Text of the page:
The Vatican has given its backing to a central Rome square being named after Martin Luther, who was excommunicated by the pope nearly 500 years ago.
Pope Francis likes to get close to Catholics. But security agencies know they can’t “put him in a bubble” to keep him safe when he visits the U.S. next month.
Italy reacted with disgust last week to the lavish funeral procession held for alleged Mafia boss Vittorio Casamonica, including a gilded horse-drawn carriage procession.
A Tuscany priest is offering a baby bonus of more than $2,000 to Italian Catholic families who have three or more children. But there are strings attached.
Elections, like profit reports, have regular short-term rhythms, which is why Pope Francis' encyclical letter on the environment was so "appropriate and absolutely essential" for waking people up to the dangers of climate change, said California Gov. Jerry Brown.
Religious leaders from across the globe led a “Many Faiths -- One Planet” march to the Vatican on Sunday to show their support of Pope Francis’ groundbreaking environmental encyclical.
Organizers estimated a crowd of 5,000 people reached St. Peter’s Square to celebrate the pontiff’s tough stance on climate change, after parading through Rome under a canopy of painted banners. The march was endorsed by the United Nations and a number of Catholic organizations, including Catholic Action and the Global Catholic Climate Movement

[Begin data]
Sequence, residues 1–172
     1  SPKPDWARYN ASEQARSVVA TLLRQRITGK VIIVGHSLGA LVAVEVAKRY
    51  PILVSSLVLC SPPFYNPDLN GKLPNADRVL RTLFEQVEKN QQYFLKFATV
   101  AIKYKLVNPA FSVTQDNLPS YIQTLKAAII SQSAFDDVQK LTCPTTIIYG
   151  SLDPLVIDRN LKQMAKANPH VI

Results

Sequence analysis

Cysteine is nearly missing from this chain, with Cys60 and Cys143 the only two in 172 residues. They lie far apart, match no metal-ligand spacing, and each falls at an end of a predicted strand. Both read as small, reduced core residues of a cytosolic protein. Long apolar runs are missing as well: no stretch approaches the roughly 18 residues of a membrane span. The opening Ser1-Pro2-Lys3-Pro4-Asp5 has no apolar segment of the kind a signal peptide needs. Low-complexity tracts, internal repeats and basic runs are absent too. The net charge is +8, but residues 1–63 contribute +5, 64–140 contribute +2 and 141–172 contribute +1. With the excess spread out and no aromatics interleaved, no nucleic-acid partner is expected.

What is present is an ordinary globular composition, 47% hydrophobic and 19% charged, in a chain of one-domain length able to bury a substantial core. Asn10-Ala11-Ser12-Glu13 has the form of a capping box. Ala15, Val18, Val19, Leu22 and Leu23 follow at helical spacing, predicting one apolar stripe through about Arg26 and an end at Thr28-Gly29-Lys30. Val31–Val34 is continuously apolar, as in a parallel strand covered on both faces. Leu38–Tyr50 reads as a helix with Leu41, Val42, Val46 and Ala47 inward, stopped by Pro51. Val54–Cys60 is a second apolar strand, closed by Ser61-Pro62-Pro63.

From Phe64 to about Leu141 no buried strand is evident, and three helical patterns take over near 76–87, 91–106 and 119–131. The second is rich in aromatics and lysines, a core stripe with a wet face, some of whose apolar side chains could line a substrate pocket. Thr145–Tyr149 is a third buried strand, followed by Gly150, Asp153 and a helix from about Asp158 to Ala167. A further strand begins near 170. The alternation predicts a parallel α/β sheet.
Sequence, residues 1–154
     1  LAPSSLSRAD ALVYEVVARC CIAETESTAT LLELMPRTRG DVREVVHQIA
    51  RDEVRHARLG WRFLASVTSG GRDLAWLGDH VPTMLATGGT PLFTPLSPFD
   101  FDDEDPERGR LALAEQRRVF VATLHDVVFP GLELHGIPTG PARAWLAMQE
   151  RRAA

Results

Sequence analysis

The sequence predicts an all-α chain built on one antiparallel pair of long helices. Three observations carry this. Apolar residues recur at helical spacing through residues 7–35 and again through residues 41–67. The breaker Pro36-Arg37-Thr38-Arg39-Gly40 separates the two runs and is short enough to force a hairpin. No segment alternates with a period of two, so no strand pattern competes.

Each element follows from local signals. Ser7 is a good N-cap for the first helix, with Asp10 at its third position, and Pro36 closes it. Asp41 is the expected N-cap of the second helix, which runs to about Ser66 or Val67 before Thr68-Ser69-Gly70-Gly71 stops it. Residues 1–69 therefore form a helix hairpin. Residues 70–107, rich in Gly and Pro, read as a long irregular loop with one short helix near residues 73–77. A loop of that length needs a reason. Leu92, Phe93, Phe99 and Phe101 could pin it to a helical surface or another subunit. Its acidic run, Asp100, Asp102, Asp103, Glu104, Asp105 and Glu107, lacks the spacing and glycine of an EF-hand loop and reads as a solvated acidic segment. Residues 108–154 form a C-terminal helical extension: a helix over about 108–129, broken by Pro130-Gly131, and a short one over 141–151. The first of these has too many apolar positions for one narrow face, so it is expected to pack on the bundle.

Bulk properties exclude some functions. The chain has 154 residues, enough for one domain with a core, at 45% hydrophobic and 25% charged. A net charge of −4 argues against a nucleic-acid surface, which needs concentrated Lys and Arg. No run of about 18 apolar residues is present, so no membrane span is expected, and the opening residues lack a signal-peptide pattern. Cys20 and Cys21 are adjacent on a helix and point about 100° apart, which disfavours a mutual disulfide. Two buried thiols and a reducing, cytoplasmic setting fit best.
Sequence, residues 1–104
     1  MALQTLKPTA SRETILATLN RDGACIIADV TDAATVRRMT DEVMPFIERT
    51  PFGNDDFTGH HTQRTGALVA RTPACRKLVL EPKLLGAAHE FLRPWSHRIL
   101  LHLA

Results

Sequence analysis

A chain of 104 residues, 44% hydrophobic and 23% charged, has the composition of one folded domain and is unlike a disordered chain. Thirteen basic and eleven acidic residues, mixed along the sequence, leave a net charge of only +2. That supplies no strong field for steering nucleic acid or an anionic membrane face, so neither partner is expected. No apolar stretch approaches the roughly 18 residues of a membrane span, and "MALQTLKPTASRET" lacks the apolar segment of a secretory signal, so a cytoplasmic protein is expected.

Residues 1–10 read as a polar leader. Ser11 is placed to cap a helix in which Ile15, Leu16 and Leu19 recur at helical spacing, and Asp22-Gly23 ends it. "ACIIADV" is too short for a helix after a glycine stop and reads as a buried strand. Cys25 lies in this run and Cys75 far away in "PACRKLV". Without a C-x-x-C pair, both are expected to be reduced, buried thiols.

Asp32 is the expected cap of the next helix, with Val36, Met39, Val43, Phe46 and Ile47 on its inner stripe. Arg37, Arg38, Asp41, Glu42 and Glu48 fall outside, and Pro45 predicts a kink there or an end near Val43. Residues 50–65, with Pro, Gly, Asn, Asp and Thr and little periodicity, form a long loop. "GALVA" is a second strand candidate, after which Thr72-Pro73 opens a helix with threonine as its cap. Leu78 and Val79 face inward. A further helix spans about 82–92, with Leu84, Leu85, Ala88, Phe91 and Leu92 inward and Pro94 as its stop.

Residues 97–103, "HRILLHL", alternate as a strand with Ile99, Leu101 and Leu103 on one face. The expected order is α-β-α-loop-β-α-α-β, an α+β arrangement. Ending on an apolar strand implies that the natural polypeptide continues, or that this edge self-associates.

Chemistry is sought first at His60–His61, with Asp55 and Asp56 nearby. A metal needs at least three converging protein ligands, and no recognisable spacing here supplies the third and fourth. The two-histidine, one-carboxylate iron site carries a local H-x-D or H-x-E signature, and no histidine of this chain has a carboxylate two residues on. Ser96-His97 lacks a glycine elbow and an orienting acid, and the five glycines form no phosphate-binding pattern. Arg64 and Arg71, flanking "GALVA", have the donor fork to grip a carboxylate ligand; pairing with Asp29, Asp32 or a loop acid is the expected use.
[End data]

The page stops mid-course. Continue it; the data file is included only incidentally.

Pope Francis has consolidated and elevated the level of importance of the Vatican's different communications enterprises, creating a new high-level Secretariat for Communications tasked with carrying out work before undertaken by nine separate offices.
The new secretariat becomes only the third of its type at the highest levels of the Vatican bureaucracy, joining church departments that oversee foreign and internal relations and economic matters in importance.
A leaked version of Laudato Si' also shows a reorientation of the church's understanding of the human person.
Eco Catholic: An Italian-language version of Pope Francis' highly anticipated encyclical letter on ecological issues was posted four days early Monday.
Pope Francis' highly anticipated encyclical letter on ecological issues will state that global climate change is "mainly" due to human activity, a person familiar with the document has said.
The encyclical, to be released Thursday, will reportedly say that while there are both natural and human causes to climate change "great natural forces are not under our control; human causes are."